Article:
Computational Study of the Influence of Biomechanical Forces On the Shape of GBM

Abler, Daniel; Büchler, Philippe (August 2017). Computational Study of the Influence of Biomechanical Forces On the Shape of GBM. In: AAPM Annual Meeting 2017. Denver, CO, USA. Jul 30 - Aug 03 2017.

Purpose: Glioblastoma multiforme (GBM) grows rapidly, infiltrating, compressing and displacing surrounding healthy tissue. Most previous studies focused on modeling GBM invasion dynamics, thereby neglecting its mass-effect. This study investigates the influence of biomechanical forces caused by the growing tumor on its shape. Methods: A mathematical model was developed to simulate GBM invasion and the mechanical interaction between tumor and healthy tissue. Cell proliferation and invasion was modeled as reaction-diffusion process; a solid-mechanics model of brain tissue was used to represent the mass-effect. Both models are coupled by relating local increase in tumor cell concentration to the generation of isotropic strain in the tissue, and solved using the Finite-Element Method (FEM). The model accounts for multiple brain regions with values for proliferation, isotropic diffusion and mechanical properties derived from literature. Tumors were seeded at multiple locations in FEM models based on the SRI24 human brain atlas. Simulation results for three sets of growth parameters were compared to actual tumors obtained from publicly available GBM datasets. Results: The temporal evolution of tumor cell concentration was simulated, together with the mechanical impact of tumor growth in terms of displacement and tissue stresses. Parameter choices for different levels of growth and invasiveness were correctly reflected in simulation results. However, statistical evaluation of tumor shape showed simulated tumors to be more symmetric than their real counterparts. Conclusion: In contrast to most previous study, the present model accounts not only for the tumor‘s growth and invasive characteristics, but also for its mass-effect. The study confirms observations from pure growth-invasion models that tumor shape depends on seed position. It extends their findings by showing that inclusion of tumor mechanics, using isotropic material and diffusion properties, is not sufficient to reproduce asymmetric shapes found in real tumors, thus underlining the importance of tissue anisotropy for GBM simulation. Funding Support, Disclosures, and Conflict of Interest: This project has received funding from the European Union Seventh Framework Programme for research, technological development and demonstration under grant agreement 600841.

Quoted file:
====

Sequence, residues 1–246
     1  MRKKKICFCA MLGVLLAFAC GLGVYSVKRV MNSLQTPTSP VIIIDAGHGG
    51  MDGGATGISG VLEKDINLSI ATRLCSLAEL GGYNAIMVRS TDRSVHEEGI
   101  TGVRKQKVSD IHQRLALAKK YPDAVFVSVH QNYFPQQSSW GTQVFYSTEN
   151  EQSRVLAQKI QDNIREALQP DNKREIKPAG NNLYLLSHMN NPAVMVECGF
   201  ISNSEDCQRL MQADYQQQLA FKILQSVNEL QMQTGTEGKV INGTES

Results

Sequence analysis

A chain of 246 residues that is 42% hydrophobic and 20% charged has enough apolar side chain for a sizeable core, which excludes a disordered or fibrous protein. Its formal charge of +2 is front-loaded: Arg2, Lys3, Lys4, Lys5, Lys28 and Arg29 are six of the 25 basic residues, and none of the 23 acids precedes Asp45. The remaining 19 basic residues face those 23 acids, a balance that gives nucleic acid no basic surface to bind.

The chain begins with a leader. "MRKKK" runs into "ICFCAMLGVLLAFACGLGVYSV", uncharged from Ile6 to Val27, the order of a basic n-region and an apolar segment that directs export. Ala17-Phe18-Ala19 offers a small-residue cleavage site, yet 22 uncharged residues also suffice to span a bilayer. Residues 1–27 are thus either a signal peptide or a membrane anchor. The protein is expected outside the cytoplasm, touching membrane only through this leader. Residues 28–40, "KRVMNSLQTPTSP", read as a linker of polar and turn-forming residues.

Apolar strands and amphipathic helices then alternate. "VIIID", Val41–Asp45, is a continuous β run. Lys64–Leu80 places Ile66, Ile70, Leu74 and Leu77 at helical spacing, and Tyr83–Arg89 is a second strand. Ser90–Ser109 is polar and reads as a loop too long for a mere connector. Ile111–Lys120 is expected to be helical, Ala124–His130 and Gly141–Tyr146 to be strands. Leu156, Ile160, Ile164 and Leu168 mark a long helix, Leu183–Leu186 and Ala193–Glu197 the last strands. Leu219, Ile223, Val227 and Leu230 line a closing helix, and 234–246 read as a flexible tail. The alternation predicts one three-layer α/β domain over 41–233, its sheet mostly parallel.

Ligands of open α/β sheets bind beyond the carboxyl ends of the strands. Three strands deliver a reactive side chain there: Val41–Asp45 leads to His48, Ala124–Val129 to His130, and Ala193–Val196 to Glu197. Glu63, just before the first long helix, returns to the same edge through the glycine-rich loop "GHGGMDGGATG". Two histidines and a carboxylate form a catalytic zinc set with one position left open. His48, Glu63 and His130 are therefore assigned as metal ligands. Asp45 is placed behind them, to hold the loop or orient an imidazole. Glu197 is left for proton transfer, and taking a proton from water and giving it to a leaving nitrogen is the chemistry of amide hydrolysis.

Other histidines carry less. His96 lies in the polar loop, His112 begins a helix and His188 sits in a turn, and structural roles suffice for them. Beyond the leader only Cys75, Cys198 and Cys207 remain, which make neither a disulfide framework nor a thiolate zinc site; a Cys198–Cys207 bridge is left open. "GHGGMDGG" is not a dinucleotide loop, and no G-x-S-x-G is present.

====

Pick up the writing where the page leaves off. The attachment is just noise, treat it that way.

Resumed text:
Item Type:

Conference or Workshop Item (Poster)

Division/Institute:

04 Faculty of Medicine > Pre-clinic Human Medicine > Institute for Surgical Technology & Biomechanics ISTB

UniBE Contributor:

Abler, Daniel and Büchler, Philippe

Subjects:

500 Science > 570 Life sciences; biology
600 Technology > 610 Medicine & health
600 Technology > 620 Engineering

Funders:

[101] Computational Horizons In Cancer (CHIC): Developing Meta- and Hyper-Multiscale Models and Repositories for In Silico Oncology

Projects:

[712] Computational Horizons In Cancer (CHIC): Developing Meta- and Hyper-Multiscale Models and Repositories for In Silico Oncology Official URL

Language:

English

Submitter:

Daniel Jakob Silvester Abler

Date Deposited:

16 Jan 2018 12:44

Last Modified:

16 Apr 2018 19:53

Related URLs:

Additional Information:

e-Poster at American Association of Physicists in Medicine, annual meeting, AAPM 2017, Denver, CO, USA

URI:

https://boris.unibe.ch/id/eprint/108434

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